• The Harris family was engaged in operating hotels in downtown Ruston in the first decades of the 1900s. The building was constructed as an annex for a larger hotel a block to the south. The upstairs, which included a doctor’s office and rooms for boarders, is essentially unchanged from those days. Note the doctor’s name painted on the last upstairs window. The balcony outside the second story door has been removed. The ground floor has always been occupied by offices and retail shops, including a Jitney Jungle grocery store in the 1940s-50s. The building owners have plans to fully restore the structure, including upstairs living areas.
  • A wider angle of the Harris Hotel, located today at the corner of West Park Avenue and North Trenton Street.
  • Beall’s was one of the largest department stores in Ruston for many years. This location experienced a major fire in 1966, one of several that has ravaged the downtown district in the last 100 years. With buildings adjoining one another, fire easily spreads from one to another. The 1966 fire led to significant changes to the Ruston Fire Department. At the time, the department did not have any ladder trucks or aerial trucks and had to rely on a utility company’s bucket trucks to fight the fire. The enhancement of equipment in the years after vastly improved Ruston’s firefighting capabilities. This site was renovated and several businesses have occupied it since the fire. Beall’s moved to a new location in Village Plaza, Ruston’s first strip mall which has since been demolished.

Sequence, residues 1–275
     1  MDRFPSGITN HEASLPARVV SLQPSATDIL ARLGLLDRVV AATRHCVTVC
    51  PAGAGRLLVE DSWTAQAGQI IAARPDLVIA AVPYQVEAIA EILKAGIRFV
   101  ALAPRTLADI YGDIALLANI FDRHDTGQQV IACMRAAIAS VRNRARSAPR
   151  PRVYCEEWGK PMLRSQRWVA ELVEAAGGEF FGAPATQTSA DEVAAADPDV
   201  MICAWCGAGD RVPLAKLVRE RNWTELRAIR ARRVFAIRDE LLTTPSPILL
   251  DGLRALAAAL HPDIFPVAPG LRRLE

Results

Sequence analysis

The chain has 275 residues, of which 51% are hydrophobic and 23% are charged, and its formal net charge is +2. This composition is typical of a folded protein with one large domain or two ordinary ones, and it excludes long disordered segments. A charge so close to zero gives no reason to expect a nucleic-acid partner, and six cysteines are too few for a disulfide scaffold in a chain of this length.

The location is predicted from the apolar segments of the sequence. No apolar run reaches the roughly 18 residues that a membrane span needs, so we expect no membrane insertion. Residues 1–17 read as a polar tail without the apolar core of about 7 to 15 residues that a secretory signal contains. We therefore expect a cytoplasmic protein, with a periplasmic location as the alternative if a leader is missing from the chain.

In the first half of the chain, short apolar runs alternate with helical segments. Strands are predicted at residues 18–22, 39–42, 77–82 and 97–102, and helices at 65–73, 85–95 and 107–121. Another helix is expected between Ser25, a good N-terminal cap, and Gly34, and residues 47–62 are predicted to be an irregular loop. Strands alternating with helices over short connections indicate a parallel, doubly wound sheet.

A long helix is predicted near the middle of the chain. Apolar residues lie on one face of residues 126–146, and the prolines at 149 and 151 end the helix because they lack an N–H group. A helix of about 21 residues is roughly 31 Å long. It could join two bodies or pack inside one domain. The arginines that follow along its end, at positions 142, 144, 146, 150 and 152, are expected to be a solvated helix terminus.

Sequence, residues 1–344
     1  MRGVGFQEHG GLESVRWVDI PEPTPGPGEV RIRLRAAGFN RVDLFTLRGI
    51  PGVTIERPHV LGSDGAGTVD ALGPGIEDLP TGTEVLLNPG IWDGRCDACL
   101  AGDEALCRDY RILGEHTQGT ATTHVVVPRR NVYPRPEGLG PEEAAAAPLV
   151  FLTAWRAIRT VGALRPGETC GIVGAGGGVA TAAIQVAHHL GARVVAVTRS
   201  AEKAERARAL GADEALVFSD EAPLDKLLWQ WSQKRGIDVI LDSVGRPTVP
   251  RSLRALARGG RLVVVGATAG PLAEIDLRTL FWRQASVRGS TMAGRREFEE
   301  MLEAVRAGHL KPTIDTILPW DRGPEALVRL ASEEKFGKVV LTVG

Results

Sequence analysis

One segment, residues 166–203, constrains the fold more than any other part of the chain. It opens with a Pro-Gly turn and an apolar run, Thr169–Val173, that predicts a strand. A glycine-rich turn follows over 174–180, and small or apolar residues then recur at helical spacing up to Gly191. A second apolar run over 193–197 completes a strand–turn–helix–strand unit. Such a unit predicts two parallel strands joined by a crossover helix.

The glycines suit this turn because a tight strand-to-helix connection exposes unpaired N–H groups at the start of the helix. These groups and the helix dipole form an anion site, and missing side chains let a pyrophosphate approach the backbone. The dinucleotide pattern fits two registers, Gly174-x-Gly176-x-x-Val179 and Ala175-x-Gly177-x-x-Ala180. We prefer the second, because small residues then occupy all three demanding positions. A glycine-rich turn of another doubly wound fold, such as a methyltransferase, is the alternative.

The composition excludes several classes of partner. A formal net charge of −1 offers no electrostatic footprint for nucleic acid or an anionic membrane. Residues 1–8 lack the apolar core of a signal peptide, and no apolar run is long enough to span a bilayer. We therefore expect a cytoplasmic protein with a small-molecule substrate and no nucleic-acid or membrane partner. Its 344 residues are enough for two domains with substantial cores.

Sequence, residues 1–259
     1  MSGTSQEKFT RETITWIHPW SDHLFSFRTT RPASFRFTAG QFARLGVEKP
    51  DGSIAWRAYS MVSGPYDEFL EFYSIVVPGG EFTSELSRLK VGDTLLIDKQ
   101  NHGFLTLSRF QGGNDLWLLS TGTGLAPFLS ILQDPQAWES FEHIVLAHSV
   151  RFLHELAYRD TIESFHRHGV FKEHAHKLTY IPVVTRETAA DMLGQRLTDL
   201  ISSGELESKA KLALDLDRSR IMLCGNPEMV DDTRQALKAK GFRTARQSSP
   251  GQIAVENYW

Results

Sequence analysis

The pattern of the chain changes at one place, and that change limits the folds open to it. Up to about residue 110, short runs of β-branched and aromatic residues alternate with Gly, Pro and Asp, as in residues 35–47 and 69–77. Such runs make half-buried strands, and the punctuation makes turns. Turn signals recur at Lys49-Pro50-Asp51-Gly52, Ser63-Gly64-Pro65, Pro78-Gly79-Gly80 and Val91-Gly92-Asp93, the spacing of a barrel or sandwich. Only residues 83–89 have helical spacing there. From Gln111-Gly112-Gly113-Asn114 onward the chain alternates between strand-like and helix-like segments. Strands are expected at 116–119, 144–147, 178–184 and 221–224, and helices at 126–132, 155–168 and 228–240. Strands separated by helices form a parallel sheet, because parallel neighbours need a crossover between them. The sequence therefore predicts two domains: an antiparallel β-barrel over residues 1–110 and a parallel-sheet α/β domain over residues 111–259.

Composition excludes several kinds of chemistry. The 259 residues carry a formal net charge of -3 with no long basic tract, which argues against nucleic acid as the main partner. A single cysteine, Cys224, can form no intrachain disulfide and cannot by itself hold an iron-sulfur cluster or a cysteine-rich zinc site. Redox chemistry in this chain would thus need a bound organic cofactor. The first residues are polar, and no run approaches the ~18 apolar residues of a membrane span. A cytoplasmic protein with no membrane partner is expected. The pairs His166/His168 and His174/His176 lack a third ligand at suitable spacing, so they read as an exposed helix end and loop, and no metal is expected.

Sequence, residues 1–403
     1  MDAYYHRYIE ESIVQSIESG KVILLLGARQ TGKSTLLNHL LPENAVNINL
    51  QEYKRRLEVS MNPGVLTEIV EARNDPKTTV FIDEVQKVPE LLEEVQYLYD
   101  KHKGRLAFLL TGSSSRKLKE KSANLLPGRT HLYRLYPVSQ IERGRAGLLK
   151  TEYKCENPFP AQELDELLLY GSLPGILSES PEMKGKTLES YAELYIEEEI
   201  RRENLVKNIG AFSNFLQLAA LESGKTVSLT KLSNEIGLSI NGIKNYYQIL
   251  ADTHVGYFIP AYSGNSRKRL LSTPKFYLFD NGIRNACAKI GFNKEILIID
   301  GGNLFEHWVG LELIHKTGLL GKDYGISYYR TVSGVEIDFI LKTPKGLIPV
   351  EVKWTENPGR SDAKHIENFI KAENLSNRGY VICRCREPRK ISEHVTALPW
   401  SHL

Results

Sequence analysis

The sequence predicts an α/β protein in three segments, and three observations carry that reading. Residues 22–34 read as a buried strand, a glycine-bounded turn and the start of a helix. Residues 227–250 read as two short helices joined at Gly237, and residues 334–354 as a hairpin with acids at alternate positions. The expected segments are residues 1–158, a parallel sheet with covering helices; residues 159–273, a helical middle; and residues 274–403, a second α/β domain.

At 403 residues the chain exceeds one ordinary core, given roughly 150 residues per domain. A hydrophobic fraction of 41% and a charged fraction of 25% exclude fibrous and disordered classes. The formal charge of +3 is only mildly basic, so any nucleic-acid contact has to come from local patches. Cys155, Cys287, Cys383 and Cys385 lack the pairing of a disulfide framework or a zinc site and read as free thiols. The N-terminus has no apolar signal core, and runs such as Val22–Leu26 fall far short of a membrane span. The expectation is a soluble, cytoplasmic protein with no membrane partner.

• The old Lincoln Parish Courthouse, the early 1900s. Unfortunately, the building no longer stands.
  • A view of Marbury Drug Company, where The Fabric Shop is located off of Park Avenue today
  • Brick Row
  • This block of Park Avenue was originally called “Brick Row” because it was the only block where the first buildings were all constructed of brick. When the first lots were sold to businesses moving to the new town of Ruston, buyers were informed their businesses had to be of brick to create a positive impression on those passing through on the Vicksburg, Shreveport & Pacific Railroad. It continues to be the showcase of the Historic District.
  • A wide angle view of Railroad park, circa early 1900s.
  • A view of Park Avenue today in front of Railroad Park, where Marbury Drug Company used to be.